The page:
Through heroic public health efforts, smallpox was globally eradicated in the late 1970s. However, concerns remain about its potential use as an agent of bioterrorism. The CDC has detailed its plans to protect the public from smallpox in its response plan and guidelines.
Tecovirimat is a small-molecule therapeutic for smallpox prevention. We sought to determine its human efficacious dose. To do so, we used efficacy studies in NHPs and PK/PD analysis. The efficacy analysis used data from studies that evaluated treatment following infection of NHPs with monkeypox virus (MPXV).
Monkeypox virus is related to smallpox. Cynomolgus monkeys infected with MPXV develop a smallpox-like disease. We performed population PK modeling to extrapolate from NHPs the effect of infection on tecovirimat PK to humans. The models were developed using the non-linear mixed effects modeling software, Phoenix NLME.
Using these biosimulation technology-enabled strategies, we identified a dose of tecovirimat that should protect over 95% of the population. The US government has amassed tecovirimat in the strategic national stockpile. For more information, please read this paper by my colleagues, Nathalie Gosselin, Samer Mouksassi, Nastya Kassir, and JF Marier, in Antimicrobial Agents and Chemotherapy, “Pharmacokinetic and Pharmacodynamic Modeling To Determine the Dose of ST-246 To Protect against Smallpox in Humans.”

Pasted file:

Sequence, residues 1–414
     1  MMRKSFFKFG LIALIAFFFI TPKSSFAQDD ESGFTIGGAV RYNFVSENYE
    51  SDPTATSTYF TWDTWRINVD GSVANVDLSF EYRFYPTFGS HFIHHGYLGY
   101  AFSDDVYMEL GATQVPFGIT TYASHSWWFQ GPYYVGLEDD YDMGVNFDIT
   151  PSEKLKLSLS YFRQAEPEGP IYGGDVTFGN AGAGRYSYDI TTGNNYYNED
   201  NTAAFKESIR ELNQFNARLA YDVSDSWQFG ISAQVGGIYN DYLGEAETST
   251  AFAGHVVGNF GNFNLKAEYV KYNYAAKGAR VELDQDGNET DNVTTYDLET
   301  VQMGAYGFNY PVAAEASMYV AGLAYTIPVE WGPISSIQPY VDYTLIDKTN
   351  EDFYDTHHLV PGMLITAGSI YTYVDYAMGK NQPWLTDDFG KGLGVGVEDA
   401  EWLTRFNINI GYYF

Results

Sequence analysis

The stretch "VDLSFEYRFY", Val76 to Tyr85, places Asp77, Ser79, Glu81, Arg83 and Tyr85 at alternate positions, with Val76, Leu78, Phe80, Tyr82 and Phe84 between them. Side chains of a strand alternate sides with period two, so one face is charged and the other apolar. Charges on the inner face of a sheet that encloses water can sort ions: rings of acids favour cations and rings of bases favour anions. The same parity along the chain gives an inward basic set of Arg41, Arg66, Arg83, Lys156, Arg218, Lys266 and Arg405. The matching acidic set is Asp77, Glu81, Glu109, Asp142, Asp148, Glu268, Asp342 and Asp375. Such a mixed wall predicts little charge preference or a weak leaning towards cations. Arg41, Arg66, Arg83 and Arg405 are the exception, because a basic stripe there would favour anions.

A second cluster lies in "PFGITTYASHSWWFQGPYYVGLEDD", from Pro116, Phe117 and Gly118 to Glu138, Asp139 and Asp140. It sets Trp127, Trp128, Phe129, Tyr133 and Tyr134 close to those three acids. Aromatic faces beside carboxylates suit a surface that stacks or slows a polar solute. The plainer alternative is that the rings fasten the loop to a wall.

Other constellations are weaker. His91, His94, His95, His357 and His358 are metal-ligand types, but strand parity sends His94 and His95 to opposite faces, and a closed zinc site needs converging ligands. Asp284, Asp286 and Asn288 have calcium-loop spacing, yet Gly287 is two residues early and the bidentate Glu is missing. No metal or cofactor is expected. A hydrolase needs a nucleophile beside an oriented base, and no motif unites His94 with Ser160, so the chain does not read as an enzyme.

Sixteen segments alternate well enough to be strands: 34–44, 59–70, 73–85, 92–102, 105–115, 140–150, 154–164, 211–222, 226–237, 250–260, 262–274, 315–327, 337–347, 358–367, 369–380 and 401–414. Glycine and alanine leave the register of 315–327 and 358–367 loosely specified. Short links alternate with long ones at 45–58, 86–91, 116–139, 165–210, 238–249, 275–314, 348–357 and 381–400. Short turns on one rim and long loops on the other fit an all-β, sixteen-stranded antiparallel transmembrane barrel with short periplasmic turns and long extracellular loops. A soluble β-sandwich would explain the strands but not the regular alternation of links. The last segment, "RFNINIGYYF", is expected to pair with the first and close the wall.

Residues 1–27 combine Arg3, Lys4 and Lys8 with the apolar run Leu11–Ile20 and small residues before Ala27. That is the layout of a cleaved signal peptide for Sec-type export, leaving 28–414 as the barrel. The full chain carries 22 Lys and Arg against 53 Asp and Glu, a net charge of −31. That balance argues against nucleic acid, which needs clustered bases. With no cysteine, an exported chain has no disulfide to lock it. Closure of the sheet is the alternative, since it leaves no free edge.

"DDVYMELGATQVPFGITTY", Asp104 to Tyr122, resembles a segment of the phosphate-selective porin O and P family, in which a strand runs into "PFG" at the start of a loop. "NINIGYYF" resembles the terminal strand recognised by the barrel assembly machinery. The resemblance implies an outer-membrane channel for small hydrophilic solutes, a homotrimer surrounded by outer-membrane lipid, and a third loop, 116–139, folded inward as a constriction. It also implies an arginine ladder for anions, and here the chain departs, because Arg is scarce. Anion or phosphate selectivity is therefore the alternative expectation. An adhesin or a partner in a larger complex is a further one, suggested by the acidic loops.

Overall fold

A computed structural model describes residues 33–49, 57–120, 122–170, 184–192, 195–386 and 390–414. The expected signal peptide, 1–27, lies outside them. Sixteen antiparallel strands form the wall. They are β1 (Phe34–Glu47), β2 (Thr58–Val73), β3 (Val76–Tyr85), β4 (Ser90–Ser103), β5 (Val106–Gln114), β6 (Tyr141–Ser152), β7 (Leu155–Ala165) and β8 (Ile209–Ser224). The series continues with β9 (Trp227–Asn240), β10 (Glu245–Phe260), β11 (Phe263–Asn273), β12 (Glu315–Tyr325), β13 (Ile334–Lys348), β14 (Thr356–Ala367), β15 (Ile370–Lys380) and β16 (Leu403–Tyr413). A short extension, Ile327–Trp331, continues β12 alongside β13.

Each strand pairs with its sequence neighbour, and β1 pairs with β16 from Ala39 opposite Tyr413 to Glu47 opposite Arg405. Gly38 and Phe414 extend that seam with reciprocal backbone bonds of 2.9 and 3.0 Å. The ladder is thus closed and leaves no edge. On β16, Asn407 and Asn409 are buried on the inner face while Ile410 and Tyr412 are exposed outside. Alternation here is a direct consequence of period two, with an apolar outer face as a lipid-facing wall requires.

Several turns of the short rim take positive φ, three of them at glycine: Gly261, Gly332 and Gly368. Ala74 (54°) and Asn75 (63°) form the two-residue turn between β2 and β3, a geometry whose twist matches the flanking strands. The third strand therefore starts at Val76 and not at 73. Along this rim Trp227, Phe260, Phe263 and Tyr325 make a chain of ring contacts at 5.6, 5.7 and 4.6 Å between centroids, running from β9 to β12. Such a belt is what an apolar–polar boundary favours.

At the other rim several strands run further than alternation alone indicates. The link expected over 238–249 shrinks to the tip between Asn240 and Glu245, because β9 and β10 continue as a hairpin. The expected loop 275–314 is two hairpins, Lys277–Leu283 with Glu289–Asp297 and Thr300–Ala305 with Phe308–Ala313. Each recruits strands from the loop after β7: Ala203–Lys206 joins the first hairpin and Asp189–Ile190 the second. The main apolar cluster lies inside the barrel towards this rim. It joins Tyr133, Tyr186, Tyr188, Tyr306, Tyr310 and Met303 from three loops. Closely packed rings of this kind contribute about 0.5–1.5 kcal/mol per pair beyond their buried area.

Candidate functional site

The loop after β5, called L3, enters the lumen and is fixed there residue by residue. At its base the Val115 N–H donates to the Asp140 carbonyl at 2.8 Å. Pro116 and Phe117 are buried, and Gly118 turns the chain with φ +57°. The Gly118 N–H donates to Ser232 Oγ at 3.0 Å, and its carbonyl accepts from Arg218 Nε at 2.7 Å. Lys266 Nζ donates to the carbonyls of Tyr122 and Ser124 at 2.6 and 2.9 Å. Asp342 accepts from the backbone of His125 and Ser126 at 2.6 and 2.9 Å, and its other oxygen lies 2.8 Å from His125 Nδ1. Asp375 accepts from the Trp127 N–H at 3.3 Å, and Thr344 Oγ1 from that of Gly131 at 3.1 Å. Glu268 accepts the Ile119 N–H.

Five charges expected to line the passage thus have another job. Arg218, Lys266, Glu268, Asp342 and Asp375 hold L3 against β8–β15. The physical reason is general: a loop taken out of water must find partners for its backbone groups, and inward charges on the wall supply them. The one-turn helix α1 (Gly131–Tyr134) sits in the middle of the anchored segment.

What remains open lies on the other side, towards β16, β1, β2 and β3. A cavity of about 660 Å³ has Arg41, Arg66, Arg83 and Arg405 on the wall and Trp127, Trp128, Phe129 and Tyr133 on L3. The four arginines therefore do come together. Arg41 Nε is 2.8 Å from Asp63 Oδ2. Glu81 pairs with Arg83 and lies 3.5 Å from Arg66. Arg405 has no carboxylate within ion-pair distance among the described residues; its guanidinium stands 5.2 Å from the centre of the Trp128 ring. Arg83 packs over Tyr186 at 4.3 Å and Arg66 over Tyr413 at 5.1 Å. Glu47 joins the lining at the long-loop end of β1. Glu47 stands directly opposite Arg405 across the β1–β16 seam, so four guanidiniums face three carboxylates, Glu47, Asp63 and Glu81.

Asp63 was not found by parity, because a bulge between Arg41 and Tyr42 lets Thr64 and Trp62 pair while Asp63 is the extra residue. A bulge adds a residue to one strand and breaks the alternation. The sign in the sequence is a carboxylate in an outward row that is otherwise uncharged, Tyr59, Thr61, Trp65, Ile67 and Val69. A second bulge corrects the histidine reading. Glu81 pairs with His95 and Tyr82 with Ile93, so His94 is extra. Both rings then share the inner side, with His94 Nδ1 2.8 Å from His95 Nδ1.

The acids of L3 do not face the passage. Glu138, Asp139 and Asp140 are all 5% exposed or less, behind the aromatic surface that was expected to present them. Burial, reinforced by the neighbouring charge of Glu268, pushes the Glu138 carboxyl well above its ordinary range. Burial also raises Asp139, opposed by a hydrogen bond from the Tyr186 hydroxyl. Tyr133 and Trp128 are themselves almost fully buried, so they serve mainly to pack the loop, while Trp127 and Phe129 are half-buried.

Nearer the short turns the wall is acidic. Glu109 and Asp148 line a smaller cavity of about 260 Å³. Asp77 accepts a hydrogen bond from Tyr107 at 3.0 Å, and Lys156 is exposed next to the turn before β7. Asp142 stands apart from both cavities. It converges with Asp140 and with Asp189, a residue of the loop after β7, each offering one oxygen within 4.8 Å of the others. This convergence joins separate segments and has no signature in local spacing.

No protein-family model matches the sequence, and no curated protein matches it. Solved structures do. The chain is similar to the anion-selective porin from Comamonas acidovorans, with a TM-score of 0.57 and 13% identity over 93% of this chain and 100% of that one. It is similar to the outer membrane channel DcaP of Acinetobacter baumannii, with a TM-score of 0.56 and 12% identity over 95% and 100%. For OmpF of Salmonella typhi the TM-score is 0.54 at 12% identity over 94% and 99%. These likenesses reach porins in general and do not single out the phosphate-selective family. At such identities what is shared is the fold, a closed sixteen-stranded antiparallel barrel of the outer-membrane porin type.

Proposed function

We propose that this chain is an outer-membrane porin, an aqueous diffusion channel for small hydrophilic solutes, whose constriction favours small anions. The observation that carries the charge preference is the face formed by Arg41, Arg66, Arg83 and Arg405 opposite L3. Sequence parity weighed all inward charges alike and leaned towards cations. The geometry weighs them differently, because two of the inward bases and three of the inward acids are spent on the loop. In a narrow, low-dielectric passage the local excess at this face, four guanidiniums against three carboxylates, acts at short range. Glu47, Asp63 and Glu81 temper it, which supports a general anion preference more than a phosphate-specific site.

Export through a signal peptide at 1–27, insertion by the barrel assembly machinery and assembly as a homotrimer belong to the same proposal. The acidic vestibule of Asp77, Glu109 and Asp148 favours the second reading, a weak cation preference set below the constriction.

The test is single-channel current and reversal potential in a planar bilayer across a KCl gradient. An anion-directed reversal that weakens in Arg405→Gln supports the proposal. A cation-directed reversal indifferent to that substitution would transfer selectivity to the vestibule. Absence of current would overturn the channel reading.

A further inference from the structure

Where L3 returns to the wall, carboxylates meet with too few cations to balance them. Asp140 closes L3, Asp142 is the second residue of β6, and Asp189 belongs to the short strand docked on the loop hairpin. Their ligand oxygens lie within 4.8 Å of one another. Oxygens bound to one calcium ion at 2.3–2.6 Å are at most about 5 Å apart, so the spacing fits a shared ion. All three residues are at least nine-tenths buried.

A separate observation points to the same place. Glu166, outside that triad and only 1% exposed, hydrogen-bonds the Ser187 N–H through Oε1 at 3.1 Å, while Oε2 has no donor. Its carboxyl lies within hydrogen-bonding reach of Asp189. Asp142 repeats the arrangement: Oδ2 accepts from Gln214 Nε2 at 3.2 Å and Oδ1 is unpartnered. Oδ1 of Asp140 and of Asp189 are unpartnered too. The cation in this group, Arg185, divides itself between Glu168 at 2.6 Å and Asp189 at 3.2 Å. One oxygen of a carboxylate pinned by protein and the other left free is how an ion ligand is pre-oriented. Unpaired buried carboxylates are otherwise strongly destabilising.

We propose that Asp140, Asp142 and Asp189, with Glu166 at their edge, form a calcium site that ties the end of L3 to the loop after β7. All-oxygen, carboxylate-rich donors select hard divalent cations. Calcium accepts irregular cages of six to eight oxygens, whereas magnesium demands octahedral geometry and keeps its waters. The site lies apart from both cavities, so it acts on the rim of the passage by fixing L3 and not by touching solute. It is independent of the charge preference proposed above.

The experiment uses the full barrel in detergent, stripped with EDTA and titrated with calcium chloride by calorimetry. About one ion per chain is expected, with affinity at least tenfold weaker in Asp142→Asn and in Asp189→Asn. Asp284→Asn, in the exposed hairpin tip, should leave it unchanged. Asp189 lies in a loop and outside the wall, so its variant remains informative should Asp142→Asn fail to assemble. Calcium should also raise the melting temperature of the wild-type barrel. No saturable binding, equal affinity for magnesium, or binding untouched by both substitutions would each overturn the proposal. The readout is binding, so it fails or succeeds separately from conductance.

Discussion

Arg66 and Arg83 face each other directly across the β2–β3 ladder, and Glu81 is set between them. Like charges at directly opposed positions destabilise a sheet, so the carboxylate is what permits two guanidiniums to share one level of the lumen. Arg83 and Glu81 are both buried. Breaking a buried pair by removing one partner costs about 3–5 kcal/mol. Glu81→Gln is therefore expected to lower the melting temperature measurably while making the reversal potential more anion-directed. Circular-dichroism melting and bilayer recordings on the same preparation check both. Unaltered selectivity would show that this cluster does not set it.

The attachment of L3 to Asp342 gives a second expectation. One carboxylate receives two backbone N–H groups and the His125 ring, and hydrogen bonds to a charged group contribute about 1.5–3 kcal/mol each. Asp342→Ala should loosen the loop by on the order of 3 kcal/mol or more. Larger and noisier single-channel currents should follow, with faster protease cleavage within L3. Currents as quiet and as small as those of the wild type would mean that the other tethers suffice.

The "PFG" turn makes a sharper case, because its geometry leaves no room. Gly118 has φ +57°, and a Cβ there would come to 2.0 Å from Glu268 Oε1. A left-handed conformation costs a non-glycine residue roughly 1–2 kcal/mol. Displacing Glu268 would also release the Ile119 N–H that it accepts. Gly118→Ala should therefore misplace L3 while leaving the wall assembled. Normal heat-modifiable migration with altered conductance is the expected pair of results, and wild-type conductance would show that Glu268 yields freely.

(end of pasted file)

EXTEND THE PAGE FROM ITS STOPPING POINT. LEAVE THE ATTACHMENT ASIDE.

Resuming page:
All information presented derive from public source materials.
Join the biosimulation revolution
The use of modeling and simulation (M&S) in drug development has evolved from being a research nicety to a regulatory necessity. Today, modeling and simulation is leveraged to some extent, across most development programs to understand and optimize key decisions related to safety, efficacy, dosing, special populations, and others. Further, the use of M&S as a percentage of an entire drug development program is growing, as the advances in both computing power and our understanding of biological sciences increases, thus propelling both the need and value of the technology.
This white paper provides a compilation of best practices to systematically leverage the many benefits of M&S across a drug development program. I hope that you’ll read it and let me know what you think in the comments section!